In an attempt to bolster the judicial processes in the country and to bring about certain pressing reforms within the legal realm, Senior Advocate of Supreme Court and President of the Supreme Court Women Lawyers Association - Mahalakshmi Pavani penned a letter to the office of Hon’ble Minister for Law and Justice - Shri Kiren Rijiju.
Addressing ‘Urgent Reforms for Improvement of the Administration of Justice,’ the letter took reliance on the problem of delivering speedy justice as recognized by the respected Law Minister (during his speech at the function organized the Bar Council of India and State Bar Councils on 25.07.2021 and on 4.09.2021 respectively) and stated certain recommendations in line for urgent perusal.
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Recommendation for the introduction of a specialized course on ‘Judicial Assistance’:
Firstly, the note highlighted the problem of pendency of cases within the country by stating that it does not arise in the Higher Judiciary, but the roots of the problem lie in the Lower Judiciary instead. It spoke of the need for more manpower in the lower courts, similar to the qualified number of Law Researchers cum Law Clerks available in the higher tiers of the judiciary. To this effect, Advocate Pavani proposed that each Law College should be mandated by the University Grants Commission to introduce a course called ‘Judicial Assistance.’
As part of the said course, where Final year(5th) and Semi-Final year (4th) students of Law should be mandated to work directly with District Courts for a minimum 3-month period wherein they can help the judges in providing them with research material, reviewing the orders made for the day, making case notes, briefing the judge in cases, drafting. Factual aspects of the judgments and so on. This will benefit the young students as well as help in elevating the burden of the lower judiciary’s shoulders.
The letter stated that the said program can be initiated in collaboration with the leading National Law Universities and the University Grants Commission and can also be counted for internship and grading purposes.
Recommendation on women representation in the Higher Judiciary:
Stating that the Ld. Attorney General of India had last year suggested to the Hon’ble Supreme Court to regularly collect data on lady judges in the High Courts and Tribunals and argued for more female representation the Higher Judiciary, Advocate Pavani requested that ‘experienced, integrity-driven, competent and tenacious women practicing in the Supreme Court of India should be considered for appointment to all High Courts.’
“This consideration for sending advocates as judges should be made irrespective of any objection made by the different High Court Bar Associations if the Hon’ble Chief Justice of India and the Hon’ble Minister of Law and Justice are satisfied of their merit and integrity. This would to some measure help in solving the issue of adequate representation of wise, experienced, diligent, and independent lady judges,” Advocate Pavani stated in the letter.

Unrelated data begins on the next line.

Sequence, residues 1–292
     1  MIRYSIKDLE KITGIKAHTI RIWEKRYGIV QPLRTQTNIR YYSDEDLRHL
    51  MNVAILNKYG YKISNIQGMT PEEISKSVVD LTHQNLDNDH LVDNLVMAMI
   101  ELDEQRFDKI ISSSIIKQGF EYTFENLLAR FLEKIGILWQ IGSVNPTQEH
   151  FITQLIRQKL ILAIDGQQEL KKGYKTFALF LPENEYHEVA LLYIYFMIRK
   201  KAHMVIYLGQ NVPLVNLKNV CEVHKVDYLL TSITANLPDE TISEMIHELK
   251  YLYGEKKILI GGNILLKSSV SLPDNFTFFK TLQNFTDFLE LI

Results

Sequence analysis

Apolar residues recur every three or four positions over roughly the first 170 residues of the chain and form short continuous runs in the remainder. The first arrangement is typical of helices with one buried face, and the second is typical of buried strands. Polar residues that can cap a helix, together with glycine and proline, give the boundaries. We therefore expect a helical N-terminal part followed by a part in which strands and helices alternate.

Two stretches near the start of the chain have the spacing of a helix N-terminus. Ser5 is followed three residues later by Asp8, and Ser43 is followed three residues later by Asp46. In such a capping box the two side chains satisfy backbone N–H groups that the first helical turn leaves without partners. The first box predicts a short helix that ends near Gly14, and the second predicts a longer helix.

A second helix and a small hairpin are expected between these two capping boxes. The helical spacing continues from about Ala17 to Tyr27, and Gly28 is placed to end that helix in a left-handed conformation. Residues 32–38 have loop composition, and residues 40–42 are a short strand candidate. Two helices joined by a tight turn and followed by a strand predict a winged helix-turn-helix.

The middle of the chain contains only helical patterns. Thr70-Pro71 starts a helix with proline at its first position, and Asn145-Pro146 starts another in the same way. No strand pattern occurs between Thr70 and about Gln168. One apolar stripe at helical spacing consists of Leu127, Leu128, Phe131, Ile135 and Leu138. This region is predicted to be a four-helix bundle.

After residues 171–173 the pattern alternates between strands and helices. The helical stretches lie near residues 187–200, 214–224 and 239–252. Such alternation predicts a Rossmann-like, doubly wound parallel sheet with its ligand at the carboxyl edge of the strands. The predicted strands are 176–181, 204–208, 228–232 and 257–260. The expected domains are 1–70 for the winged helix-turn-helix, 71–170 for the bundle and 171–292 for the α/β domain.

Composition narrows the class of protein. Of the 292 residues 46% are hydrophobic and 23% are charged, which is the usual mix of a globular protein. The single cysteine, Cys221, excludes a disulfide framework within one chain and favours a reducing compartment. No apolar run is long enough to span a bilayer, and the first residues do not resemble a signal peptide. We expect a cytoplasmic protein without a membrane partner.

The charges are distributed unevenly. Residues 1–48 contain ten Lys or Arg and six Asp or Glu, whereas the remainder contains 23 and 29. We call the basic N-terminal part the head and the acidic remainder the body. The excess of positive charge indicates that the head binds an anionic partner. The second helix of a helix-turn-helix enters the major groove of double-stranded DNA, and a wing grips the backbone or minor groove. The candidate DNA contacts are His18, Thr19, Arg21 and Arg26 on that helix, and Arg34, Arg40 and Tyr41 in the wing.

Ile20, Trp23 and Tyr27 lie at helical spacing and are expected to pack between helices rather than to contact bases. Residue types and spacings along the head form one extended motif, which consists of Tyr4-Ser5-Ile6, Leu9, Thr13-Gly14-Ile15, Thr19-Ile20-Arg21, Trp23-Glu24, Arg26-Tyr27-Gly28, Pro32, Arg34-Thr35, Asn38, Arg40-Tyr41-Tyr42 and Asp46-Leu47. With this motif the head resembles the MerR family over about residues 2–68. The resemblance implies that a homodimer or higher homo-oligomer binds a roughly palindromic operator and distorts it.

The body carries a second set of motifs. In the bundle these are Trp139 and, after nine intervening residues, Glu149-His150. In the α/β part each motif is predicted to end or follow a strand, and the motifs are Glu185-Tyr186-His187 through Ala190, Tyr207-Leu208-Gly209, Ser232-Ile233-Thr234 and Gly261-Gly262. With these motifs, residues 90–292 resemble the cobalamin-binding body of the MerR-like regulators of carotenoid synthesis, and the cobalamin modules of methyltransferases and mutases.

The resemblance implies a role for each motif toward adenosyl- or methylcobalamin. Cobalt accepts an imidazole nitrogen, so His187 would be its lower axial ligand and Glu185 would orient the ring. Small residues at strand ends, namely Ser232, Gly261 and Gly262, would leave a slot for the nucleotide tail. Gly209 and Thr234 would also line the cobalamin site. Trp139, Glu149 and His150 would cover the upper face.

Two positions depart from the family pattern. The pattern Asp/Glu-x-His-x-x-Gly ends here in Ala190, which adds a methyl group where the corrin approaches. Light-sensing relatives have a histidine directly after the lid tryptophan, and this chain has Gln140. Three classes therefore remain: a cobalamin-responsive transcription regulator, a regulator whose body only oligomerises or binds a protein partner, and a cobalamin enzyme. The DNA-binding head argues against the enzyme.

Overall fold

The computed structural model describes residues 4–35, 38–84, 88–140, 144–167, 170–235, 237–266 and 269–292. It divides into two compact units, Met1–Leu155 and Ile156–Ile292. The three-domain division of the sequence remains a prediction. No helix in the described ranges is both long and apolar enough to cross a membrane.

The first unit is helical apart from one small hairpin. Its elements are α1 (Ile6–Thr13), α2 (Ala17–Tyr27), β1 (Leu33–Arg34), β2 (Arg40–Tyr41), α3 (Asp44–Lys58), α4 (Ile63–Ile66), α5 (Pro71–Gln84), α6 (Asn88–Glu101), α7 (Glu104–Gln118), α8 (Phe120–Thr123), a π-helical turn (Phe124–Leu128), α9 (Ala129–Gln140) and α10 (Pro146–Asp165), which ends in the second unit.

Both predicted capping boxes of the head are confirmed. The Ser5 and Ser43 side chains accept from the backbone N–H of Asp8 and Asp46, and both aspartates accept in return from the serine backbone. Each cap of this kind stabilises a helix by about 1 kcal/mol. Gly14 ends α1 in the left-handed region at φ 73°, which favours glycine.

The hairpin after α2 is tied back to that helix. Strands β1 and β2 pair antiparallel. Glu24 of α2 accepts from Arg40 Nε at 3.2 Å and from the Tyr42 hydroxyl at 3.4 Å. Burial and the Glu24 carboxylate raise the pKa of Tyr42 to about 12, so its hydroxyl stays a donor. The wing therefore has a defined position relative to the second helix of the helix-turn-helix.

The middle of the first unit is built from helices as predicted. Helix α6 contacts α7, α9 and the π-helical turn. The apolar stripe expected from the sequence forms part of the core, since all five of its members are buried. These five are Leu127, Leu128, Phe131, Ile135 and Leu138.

She further added that the President of Supreme Court Bar Association (SCBA) had constituted a search committee and had already provided recommendations to the Hon’ble Chief Justice on the same.
Recommendation on setting up of Evening Courts for hearings of small cause cases:
Lastly, remarking on the pendency of cases pertaining to Motor accident claims and insurance claims, Advocate Pavani recommended setting up ‘Evening Courts’ for 2-3 hours after the normal working hours of the court. She stated in the letter that ‘Judges for such courts can be selected ‘from the pool of retired judges who still wish to provide service to the judiciary at emoluments of half the salary drawn last before retirement, whereas the staff for the evening courts can again be from the retired group of Court staff which still has the energy and dedication to work.’
Advocate Pavani also added, “Evening Court can hear small cause cases, i.e., cases which don’t require more than a predicted finite hearing, such as motor vehicle claims or insurance claims and such cases that the district court in its learned view may think fit. This would again be of dual importance- it would firstly be utilitarian as the same Court complex and facilities can be used by the evening Court, and there won’t be a need for the new establishments; secondly, it would hopefully result in the theme you addressed in your address to the members of the Bar Council of India – Speedy and Effective justice.”
It was further stated that such recommendations, if implemented in the right spirit, will result in improving the vehicle of justice delivery which has for a long time been ailing with an imminent yet solvable crisis. The letter dated September 6, 2021, currently sits with the Honourable Law Minister for perusal.